You (and family and friends) probably ask why this trip? Well, it's on a different scale of an expedition. Right after completion of my last trip in new year 2010, I knew I would go back to do the full length. Six years went by, with quite a bit of mountaineering in between, I still dream about Antarctica. And here I am in Chile, days closer to it. The past two weeks have been insanely busy for me. I had to do more training (I started training at the beginning of the summer), source gears and clothing, try out food (and their combinations), handle things at home while I'm gone, pack for the trip, and force myself to eat loads of food as I need to gain weight and get used to the amount of food we are going to consume daily. On top of it, I need to write the application to handle the communication while I am on the ice, not only for myself but for the team I am going with as well.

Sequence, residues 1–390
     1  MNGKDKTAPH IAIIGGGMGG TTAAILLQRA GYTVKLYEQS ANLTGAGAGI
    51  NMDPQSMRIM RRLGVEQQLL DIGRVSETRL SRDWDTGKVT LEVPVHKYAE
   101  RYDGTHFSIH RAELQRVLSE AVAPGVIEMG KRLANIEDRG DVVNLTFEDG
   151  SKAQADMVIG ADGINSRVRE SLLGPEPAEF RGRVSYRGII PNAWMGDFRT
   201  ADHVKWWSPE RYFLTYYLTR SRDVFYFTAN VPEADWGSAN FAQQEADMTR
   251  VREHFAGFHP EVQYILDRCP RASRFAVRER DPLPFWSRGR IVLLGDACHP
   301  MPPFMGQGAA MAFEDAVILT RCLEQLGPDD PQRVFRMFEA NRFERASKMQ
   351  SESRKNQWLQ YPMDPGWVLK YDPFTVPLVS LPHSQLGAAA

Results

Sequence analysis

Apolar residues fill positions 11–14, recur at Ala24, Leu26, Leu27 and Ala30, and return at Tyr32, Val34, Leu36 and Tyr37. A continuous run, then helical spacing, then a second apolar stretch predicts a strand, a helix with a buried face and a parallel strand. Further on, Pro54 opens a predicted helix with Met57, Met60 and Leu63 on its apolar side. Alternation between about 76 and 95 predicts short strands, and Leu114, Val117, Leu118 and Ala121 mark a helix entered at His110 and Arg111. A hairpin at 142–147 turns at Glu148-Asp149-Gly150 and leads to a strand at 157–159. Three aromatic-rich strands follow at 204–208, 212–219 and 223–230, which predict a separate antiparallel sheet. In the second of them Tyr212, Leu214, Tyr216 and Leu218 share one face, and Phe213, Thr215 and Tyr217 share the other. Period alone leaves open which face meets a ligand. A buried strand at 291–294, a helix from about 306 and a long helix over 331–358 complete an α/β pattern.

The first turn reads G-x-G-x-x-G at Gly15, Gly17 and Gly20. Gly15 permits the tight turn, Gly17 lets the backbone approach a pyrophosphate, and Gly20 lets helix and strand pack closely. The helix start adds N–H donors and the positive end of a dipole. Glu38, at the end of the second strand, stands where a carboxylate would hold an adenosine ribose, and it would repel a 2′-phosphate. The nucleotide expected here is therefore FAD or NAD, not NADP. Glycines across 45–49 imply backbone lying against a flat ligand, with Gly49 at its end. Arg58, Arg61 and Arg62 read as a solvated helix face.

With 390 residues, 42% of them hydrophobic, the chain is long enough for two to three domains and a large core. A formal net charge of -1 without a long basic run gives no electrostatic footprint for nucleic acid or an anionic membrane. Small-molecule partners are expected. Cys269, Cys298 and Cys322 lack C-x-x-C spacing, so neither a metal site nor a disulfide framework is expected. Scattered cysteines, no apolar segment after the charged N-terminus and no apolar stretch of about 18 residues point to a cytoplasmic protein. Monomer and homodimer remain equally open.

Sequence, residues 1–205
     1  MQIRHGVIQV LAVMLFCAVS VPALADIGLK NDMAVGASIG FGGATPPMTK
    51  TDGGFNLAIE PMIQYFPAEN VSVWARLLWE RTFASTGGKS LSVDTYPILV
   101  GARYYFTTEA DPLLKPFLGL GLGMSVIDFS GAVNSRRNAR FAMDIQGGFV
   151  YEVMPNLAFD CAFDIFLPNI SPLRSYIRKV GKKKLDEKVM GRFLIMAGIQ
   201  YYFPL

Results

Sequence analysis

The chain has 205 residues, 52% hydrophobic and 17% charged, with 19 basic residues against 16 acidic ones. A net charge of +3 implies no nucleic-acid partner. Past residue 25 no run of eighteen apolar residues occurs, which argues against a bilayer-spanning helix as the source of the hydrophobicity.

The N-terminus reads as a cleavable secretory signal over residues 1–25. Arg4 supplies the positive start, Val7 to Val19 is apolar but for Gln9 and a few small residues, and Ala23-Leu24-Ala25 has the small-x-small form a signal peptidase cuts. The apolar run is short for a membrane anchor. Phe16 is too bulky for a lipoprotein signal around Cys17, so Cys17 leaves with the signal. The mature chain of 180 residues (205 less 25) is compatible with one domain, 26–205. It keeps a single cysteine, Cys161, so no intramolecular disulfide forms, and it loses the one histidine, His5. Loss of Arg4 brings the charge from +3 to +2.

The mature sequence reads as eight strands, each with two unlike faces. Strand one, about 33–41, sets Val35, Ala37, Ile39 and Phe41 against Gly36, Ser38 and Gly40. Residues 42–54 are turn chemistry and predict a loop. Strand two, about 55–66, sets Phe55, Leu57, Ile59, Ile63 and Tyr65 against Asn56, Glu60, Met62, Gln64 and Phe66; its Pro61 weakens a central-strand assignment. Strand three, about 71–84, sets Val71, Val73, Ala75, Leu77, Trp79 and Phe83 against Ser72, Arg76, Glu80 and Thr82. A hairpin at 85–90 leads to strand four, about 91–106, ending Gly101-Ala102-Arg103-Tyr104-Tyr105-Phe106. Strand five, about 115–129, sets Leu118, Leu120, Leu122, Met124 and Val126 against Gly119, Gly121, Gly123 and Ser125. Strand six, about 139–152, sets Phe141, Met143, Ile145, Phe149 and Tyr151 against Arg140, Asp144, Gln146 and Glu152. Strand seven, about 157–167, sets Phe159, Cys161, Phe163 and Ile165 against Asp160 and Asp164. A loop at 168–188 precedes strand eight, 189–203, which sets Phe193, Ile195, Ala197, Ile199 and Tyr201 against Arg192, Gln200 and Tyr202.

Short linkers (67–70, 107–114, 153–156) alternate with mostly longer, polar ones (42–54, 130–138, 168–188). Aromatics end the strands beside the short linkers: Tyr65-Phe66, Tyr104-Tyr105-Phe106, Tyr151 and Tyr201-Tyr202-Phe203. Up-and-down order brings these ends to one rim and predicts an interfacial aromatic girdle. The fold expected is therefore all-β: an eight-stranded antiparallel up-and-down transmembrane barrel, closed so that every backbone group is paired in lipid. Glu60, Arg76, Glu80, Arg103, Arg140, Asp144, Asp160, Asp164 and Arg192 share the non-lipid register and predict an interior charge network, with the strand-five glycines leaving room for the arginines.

The team has three people including me, so it's small, which is better. Carl Alvey, from the UK but lives in Norway, is our guide. He has lots of Antarctic experience and been doing this for years. He guided a 16 year old Brit Lewis Clarke two years ago on the same trip as we are going to do, to become the youngest person to ski to the South Pole. Emma is new to the scene but she has done a lot of inspiring trips, including over 2600 miles of hiking alone the Pacific Crest Trail from Mexican border to Washington.

We have been on Skype, chat, email regularly since August. I can tell everyone is super excited, especially Emma. She's afraid she'll explode from excitement! And everyone is very helpful. Carl helped me source major gears and Emma helps me bring those to Punta Arenas. This is already a great team work. I think we have an amazing and determine team to handle the challenges from one of the most difficult expeditions out there.